After a medical device passes the strict scrutiny of the Food and Drug Administration, it is cleared for marketing in the United States. In general, FDA approval is not withdrawn from a device so long as no material changes are made to its design or intended purpose.
Direct-to-consumer marketing of prescription medication and medical devices is widespread in the United States. However, devices that have not yet achieved regulatory approval cannot be promoted to the general public – only within the industry according to strict rules.
Promoting Devices During the FDA Approval Process
Many medical device firms wish to exploit promotional opportunities available to them in the industry before they have completed FDA clearance for a new innovation. Industry trade shows, in particular, may take place only once a year and are seen by many as “too good to pass up.”
Companies may also be looking ahead to the development of a strategy for on-site demonstrations and even digital marketing. Before launching any of these initiatives, however, it’s important to understand limitations imposed during the regulatory process.
Advertising Class I and Class II Devices
In Commercial Distribution with Regard to Premarket Notification (Section 510(k)) the FDA laid out guidelines related to device promotion during the approval process. These rules allow firms to advertise or display a device subject to a pending 510(k) determination.
However, firms may not take any orders for such devices, nor even be prepared to take them.
FDA rules on the fine points of promoting unapproved devices are vague, and few clarifications have been forthcoming since they were originally specified in the 1980s. For example, no details are given about whether a firm may promote the device’s expected indications for use. Likewise, it does not specify what activities constitute “preparing to take orders.”
Until final approval is secured, devices should be labeled “INVESTIGATIONAL” and “NOT AVAILABLE FOR COMMERCIAL SALE.” If the device holds at least one cleared 501(k) indication and other, pending indications, it should only be promoted for cleared indications.
Failing to maintain this distinction opens a company to accusations of off-label promotion.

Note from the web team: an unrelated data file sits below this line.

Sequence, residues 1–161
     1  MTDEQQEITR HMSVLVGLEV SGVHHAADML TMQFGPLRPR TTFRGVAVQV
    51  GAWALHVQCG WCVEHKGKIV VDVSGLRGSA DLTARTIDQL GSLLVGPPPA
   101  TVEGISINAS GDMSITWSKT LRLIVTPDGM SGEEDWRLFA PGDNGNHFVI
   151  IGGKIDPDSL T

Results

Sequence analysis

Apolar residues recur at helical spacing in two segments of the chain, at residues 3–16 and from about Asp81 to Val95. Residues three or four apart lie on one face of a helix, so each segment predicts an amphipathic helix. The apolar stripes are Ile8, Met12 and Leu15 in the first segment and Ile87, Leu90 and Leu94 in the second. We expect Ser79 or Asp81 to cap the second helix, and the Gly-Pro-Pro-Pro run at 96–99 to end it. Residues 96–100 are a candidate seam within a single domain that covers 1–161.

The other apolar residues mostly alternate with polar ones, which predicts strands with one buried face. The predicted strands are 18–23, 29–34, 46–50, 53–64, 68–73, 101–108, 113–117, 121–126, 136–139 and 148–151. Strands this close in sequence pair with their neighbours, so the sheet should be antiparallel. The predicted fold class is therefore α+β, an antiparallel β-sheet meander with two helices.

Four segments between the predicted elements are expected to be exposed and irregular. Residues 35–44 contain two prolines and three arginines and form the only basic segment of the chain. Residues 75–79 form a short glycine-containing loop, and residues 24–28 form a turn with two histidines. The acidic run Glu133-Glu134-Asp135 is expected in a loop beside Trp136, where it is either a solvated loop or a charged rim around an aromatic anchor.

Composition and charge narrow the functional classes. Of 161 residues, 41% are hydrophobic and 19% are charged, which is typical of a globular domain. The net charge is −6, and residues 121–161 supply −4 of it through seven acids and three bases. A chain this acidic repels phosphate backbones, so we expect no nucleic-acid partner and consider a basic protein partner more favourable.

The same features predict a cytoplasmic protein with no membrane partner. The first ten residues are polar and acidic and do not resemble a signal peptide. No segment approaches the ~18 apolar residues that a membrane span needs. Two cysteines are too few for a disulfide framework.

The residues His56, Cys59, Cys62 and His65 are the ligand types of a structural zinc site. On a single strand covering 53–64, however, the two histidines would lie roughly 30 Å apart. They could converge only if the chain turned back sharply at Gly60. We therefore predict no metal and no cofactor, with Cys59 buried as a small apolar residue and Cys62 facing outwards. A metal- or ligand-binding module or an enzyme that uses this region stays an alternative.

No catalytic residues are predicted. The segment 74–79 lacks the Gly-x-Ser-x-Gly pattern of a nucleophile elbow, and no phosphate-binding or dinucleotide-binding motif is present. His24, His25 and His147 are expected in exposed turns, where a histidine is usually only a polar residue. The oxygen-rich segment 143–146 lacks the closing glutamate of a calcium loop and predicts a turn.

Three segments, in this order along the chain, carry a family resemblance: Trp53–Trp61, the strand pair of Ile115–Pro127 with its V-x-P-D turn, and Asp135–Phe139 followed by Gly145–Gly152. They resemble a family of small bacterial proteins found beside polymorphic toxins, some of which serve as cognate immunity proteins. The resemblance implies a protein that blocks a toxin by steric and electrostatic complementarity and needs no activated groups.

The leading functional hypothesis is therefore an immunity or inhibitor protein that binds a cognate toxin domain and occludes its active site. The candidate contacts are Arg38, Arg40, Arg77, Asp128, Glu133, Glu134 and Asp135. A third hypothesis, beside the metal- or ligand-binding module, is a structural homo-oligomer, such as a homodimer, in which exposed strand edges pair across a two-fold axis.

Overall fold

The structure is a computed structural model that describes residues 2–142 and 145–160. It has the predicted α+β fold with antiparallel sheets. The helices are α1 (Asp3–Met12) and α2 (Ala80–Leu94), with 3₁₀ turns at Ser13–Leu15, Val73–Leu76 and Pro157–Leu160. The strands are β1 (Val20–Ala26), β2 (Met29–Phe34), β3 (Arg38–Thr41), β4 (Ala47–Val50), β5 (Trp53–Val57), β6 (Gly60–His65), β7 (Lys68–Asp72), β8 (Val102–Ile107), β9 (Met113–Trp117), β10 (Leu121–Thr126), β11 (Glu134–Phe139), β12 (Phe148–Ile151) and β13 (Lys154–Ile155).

Because of the high risk inherent in Class III devices, strict rules limit the scope of their promotion. The promotion or test-marketing of such devices is expressly prohibited, and companies are not permitted to represent that these devices are safe or effective for their investigational purposes.
In 1999, the FDA guidance document Preparing Notices of Availability of Investigational Medical Devices and for Recruiting Study Subjects laid the groundwork for limited promotional activities intended to recruit study subjects. Among other things, it requires that activity be limited to medical and scientific publications or conferences intended only for experts.
Firms should be sure to recruit only the number of investigators necessary to evaluate the safety and effectiveness of the device. To avoid the appearance of impropriety, mass mailings for the purpose of recruiting clinical investigators should be avoided.
For Medical Device Promotion, the Devil is in the Details
This brief summary should not be relied upon as strategic or legal advice – it’s only a hint of the vast scope of regulatory complexity. While there are marketing steps you can take to lay the foundation of success for your innovation, they are by no means simple.
To avoid self-sabotage, medical device enterprises must navigate promotional issues carefully.
To drive excellent healthcare outcomes and give your device the reputation it deserves, it is crucial to adopt the highest quality standards. Through our expertise in the globally-recognized ISO 13485 quality management approach, Technosoft Innovations makes it easier.
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